Valuing companies under 200 employees is part art, part science. Venture capitalist Michael Gurau suggests using a comparable public company as a starting point. Here's Gurau's back-of-the-envelope guide to valuing small private companies:
1. Look at the valuations of a few average, comparable publicly traded companies in the same industry or sector. Comparable is the key: A startup software company shouldn't compare itself to Microsoft. If the public company trades at 0.5 to 1 times trailing 12-month sales, start with that figure.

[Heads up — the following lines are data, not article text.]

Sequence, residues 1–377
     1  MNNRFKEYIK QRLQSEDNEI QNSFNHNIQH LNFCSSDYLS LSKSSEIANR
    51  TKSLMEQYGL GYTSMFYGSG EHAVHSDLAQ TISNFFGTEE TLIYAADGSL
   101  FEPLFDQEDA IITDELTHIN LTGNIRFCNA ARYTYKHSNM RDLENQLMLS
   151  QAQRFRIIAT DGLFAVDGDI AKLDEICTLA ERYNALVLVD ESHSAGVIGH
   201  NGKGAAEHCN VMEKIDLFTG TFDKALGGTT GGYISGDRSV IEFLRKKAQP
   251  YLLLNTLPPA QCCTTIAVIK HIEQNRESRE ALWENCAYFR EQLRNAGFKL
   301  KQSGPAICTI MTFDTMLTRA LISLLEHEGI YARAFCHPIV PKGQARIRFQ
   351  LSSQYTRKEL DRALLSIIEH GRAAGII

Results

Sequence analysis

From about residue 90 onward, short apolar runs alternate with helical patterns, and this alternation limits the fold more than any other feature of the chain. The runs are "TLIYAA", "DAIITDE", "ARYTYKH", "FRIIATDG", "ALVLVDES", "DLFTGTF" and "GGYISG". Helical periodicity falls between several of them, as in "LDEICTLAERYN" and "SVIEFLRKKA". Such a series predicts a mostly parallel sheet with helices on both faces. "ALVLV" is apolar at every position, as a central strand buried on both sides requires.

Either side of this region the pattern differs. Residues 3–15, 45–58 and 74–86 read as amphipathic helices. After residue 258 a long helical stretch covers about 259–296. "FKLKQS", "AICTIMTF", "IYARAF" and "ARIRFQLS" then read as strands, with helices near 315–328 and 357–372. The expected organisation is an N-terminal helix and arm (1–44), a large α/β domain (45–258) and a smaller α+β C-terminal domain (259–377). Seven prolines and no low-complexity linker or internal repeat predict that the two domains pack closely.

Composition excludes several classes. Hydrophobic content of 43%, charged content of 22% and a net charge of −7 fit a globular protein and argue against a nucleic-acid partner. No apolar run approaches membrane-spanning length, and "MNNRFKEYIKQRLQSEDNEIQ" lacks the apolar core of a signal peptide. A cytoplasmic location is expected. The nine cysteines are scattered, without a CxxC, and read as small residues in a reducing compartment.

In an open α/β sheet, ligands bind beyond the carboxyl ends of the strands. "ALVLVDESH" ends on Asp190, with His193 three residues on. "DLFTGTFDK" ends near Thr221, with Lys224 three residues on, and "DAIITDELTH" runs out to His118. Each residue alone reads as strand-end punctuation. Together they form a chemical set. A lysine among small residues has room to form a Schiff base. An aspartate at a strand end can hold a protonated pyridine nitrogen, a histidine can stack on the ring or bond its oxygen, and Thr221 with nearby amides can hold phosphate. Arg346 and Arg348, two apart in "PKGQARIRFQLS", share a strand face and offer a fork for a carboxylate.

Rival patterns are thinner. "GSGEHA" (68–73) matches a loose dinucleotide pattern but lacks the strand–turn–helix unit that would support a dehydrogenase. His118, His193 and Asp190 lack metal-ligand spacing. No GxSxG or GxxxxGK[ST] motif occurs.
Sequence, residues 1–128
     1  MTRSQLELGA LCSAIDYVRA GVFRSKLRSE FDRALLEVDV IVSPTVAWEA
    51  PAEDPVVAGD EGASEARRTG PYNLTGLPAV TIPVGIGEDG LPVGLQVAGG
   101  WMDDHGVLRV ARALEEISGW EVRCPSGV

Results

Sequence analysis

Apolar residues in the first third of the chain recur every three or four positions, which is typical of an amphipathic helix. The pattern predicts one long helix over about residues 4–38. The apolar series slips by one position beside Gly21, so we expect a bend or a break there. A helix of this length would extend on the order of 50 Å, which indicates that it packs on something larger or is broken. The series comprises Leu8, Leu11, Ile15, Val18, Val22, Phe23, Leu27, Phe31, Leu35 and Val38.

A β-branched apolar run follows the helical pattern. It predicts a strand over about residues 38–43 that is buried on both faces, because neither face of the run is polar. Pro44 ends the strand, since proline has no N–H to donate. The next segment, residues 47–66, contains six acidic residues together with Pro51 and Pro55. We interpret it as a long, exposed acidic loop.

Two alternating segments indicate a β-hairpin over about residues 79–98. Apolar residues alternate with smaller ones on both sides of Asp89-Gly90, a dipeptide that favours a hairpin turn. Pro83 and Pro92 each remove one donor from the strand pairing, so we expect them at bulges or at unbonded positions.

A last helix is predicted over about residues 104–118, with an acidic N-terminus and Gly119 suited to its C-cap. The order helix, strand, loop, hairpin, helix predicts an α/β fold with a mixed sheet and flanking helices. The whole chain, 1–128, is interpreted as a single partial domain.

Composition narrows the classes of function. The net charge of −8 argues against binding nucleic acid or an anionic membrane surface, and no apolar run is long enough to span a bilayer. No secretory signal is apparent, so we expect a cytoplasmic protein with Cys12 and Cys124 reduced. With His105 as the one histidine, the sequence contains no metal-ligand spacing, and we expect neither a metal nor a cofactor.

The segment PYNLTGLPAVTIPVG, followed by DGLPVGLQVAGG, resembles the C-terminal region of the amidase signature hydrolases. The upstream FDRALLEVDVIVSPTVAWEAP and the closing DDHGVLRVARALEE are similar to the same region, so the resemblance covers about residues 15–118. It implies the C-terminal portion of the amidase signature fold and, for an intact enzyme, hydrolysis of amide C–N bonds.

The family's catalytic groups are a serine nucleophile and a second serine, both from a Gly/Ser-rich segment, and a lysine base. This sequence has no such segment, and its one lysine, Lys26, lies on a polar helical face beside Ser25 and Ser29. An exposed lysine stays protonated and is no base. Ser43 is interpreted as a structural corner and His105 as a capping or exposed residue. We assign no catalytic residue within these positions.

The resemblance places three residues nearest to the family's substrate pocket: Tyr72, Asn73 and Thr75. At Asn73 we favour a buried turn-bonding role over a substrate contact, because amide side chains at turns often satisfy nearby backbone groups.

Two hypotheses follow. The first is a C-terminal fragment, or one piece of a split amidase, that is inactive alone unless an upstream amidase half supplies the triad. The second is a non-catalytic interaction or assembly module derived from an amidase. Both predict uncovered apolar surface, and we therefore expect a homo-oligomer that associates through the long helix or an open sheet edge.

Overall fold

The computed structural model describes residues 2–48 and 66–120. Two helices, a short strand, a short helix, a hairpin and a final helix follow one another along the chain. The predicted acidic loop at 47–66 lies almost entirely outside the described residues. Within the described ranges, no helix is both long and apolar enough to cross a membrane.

2. Because a private company is, by comparison, illiquid and small, knock down its valuation by 25% to 75% from the public-market proxy figure.
3. If the company is operating at a loss, you'll need to discount even further. Then Gurau assesses the startup's product, technology, market, legal, financial, and team risk, and compares it to an average public company. Says Gurau: "Because a small, private company has so much more risk, you'll always be in a discounting mode, but where [the startup] brings strengths, you'll discount less."
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